3 Replies
      Latest reply: Feb 28, 2017 1:47 PM by eskimo RSS
      doofyus Level 1 Level 1 (0 points)

        Hi,

         

        i'm trying to make a framework, with some ECC functions, to be shared between apps and other developers as well.

         

        As i'm targeting iOS 10+ currently, i'm able to enjoy the excellent updates to the Security framework - from key and signature generation, to it's verification and making of shared keys. But i've run into a few questions.

         

         

        First, is it possible to generate an HMAC without having to go to CommonCrypto, preferably using something from the Security framework (obviously it's possible to write ones own implementation for generating an HMAC, but let's leave this option out for n + 1 reasons)?

         

        If no, then can i use CommonCrypto in apps destined for the App Store? If not, what are the options?


        My current implementation is done using this function:

        CCHmac(CCHmacAlgorithm(kCCHmacAlgSHA256), hmacKey, hmacKey.count, hmacData, hmacData.count, &hmac)

        Which i presume does the same thing as the functions below?

        If not, what are the differences between the above and the functions below?

        CCHmacInit(...)
        CCHmacUpdate(...)
        CCHmacFinal(...)
        

         

         

        Best of wishes,

        Mikk

        • Re: HMAC in iOS 10+
          eskimo Apple Staff Apple Staff (6,075 points)

          First, is it possible to generate an HMAC without having to go to CommonCrypto …

          The iOS SDK has no other APIs for HMAC.

          If no, then can i use CommonCrypto in apps destined for the App Store?

          Of course.

          Just for my own curiosity, what makes you suspect that CommonCrypto use would be a red flag for the App Store?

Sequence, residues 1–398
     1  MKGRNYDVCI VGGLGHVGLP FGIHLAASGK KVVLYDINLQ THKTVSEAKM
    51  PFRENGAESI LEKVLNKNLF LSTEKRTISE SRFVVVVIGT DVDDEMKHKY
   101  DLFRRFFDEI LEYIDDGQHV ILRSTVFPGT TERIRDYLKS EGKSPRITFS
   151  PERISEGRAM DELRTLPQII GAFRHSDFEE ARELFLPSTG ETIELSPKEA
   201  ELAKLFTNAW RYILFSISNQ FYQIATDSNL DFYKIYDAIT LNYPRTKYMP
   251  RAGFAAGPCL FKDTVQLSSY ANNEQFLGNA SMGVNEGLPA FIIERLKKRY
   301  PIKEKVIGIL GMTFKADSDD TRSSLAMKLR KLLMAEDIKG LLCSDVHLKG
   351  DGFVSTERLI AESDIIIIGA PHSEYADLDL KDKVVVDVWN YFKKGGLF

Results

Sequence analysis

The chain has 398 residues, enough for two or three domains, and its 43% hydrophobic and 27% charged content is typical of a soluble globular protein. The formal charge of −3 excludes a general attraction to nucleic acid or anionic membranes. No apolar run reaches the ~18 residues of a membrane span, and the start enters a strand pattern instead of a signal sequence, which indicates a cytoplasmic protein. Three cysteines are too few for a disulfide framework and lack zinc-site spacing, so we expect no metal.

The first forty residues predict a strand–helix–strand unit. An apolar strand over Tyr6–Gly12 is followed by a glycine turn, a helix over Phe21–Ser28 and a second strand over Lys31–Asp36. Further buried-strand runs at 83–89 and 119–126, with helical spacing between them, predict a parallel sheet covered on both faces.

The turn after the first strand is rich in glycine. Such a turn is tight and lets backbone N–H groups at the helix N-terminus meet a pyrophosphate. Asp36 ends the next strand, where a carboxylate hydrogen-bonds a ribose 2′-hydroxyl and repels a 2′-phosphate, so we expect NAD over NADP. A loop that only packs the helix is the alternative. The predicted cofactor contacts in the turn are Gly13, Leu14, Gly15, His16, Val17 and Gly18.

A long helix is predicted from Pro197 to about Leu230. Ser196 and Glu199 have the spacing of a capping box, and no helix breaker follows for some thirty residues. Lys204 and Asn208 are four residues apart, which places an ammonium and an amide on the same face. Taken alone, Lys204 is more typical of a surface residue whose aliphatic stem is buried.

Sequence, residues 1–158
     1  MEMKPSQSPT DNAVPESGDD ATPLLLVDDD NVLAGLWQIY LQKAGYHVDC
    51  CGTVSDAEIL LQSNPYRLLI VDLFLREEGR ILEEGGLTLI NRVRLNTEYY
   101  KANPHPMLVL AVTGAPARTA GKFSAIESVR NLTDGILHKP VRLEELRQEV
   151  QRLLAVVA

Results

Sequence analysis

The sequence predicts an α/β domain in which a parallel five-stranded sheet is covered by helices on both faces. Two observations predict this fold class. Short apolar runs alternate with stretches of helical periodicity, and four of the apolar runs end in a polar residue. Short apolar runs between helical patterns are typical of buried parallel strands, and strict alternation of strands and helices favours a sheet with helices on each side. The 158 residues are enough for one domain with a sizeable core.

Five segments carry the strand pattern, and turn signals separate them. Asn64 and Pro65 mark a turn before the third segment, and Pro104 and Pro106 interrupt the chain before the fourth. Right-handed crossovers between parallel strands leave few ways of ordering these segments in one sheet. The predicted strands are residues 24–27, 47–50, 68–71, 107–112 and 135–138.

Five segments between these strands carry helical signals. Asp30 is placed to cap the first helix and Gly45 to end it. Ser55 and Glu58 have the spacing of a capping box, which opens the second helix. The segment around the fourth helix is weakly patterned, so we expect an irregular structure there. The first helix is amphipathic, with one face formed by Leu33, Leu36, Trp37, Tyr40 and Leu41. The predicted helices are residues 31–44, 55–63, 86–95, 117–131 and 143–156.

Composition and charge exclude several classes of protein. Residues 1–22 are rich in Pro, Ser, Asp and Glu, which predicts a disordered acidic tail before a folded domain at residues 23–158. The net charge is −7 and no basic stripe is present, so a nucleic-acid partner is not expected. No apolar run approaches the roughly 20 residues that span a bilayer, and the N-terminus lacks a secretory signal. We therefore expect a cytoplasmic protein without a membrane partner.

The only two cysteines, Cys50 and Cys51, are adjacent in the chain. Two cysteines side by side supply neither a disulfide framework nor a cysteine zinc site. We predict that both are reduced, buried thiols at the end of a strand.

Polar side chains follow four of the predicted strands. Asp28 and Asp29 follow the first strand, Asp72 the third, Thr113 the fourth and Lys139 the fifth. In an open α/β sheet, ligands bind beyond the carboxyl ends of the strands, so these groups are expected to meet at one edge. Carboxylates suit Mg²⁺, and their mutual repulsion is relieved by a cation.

Which i presume does the same thing as the functions below?

          Correct.

          If not, what are the differences between the above and the functions below?

          The one shot API is easy to use, and thus a no brainer when the data fits in memory.  The incremental API is useful if you’re streaming through a large file, something that’s not uncommon in the crypto space.

          Share and Enjoy

          Quinn “The Eskimo!”
          Apple Developer Relations, Developer Technical Support, Core OS/Hardware
          let myEmail = "eskimo" + "1" + "@apple.com"

            • Re: HMAC in iOS 10+
              doofyus Level 1 Level 1 (0 points)

              Thanks for clearing it up for me.

               

              For your curiosity - i think it was saved to my mind from some pages while digging through the examples, guides and QAs in the web for ECC. Probably reinforced by it not being a proper framework (from Swift's point of view).

               

              This leads me to another question when building a Swift .framework.

               

              To use CommonCrypto in the framework, i can't use a Bridging Header to import it?

              If yes, then how one should proceed? Something with the module.modulemap?

                • Re: HMAC in iOS 10+
                  eskimo Apple Staff Apple Staff (6,075 points)

                  i think it was saved to my mind from some pages …

                  Hmmm.  There is parts of Common Crypto that are not public API — potentially very useful parts, like the AES-GCM support — which might explain your concern.  Rest assured that the stuff declared in the public headers is public API.

                  Probably reinforced by it not being a proper framework …

                  You mean module here, not framework.  Darwin, GCD, and many other things are modules, even though they’re not frameworks.

                  To use CommonCrypto in the framework, i can't use a Bridging Header to import it?

                  Correct.

                  If yes, then how one should proceed? Something with the module.modulemap?

                  I don’t know of an ideal way to do this.  The way I usually deal with it is to write an Objective-C wrapper that provides the necessary CommonCrypto abstraction and then include that wrapper in my framework’s public API.  My Swift code inside the framework can than access the wrapper like any other part of the framework’s Objective-C public API.  And the Objective-C wrapper can include CommonCrypto inside its .m file, which avoids any non-modular include entanglements.

                  It would be nice if you could make this wrapper private (or, better yet, internal) but I’ve never dug into that deep enough to know whether it’s possible.

                  If you want a definitive answer to this I recommend you open a DTS tech support incident so that you can discuss it with one of our tools experts.

                  Share and Enjoy

                  Quinn “The Eskimo!”
                  Apple Developer Relations, Developer Technical Support, Core OS/Hardware
                  let myEmail = "eskimo" + "1" + "@apple.com"